Nvidia is surging after its income more than doubled year-over-year
Nvidia’s ballooning GPU business and big bets on divisions like autonomous driving continue to look better and better, with the company’s shares jumping more than 10% after it reported its first-quarter earnings.
In the first quarter this year, the company said it brought in $507 million in net income — up from $208 million in the first quarter a year ago. That doubled income comes as its revenue jumped 48% between the first quarter last year and this year. Much of Nvidia’s rapid ascent is thanks to the increasing need for GPUs that can handle deep learning problems like autonomous driving and speech recognition.
That’s giving Nvidia a new renewed growth story that Wall Street apparently loves. After being synonymous for graphics cards and gaming, Nvidia has emerged as a go-to provider for hardware for any company — especially startups tackling new problems — that needs to sift through an enormous pile of data and build a model that it can then efficiently tap on the spot.
Beyond AI, however, Nvidia’s other businesses appear to be doing pretty well. In particular, revenue for its Tegra processor more than doubled to $332 million — no doubt in part thanks to demand for the Nintendo Switch.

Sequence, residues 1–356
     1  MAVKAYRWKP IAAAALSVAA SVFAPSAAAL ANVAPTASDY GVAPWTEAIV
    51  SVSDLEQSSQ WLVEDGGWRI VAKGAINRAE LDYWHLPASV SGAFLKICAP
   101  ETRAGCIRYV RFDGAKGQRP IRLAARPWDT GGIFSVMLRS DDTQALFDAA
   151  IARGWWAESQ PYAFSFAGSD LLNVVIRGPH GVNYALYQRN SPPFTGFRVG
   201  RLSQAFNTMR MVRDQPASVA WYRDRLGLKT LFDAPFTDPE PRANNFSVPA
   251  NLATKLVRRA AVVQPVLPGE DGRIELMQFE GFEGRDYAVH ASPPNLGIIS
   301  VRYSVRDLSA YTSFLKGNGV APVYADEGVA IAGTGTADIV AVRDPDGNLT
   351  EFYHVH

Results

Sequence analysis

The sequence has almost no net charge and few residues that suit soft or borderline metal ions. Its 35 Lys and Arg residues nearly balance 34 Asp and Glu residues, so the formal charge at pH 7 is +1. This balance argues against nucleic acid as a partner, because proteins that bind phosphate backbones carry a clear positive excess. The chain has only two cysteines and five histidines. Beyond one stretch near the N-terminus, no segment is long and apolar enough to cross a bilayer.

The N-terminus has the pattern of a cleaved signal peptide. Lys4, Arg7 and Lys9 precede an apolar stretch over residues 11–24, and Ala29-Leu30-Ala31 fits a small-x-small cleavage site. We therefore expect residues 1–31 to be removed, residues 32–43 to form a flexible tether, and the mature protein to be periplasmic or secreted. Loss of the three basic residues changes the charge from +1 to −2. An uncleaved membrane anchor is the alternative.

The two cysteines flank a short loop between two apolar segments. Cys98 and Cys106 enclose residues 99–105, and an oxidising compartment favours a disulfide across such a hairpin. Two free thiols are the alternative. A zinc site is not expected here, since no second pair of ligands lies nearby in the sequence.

All this positive performance doesn’t guarantee Nvidia total immunity from competition in the GPU space, though for now it’s the golden child. Google, for example, is building its own chips for machine learning algorithms. There’s increased focus in the whole area, which makes sense that Nvidia is now going after areas where its products can specialize like autonomous driving.
Nvidia beat out what Wall Street was looking for, bringing in $0.79 in earnings per share on revenue of $1.94. Analysts expected the company to report earnings of 67 cents per share with $1.91 billion in revenue. The company said its “datacenter GPU computing business nearly tripled from last year,” which is going to be critical for the company going forward. It fell into a leading position in hardware necessary for deep learning products that most companies — at least for now — in the space will need.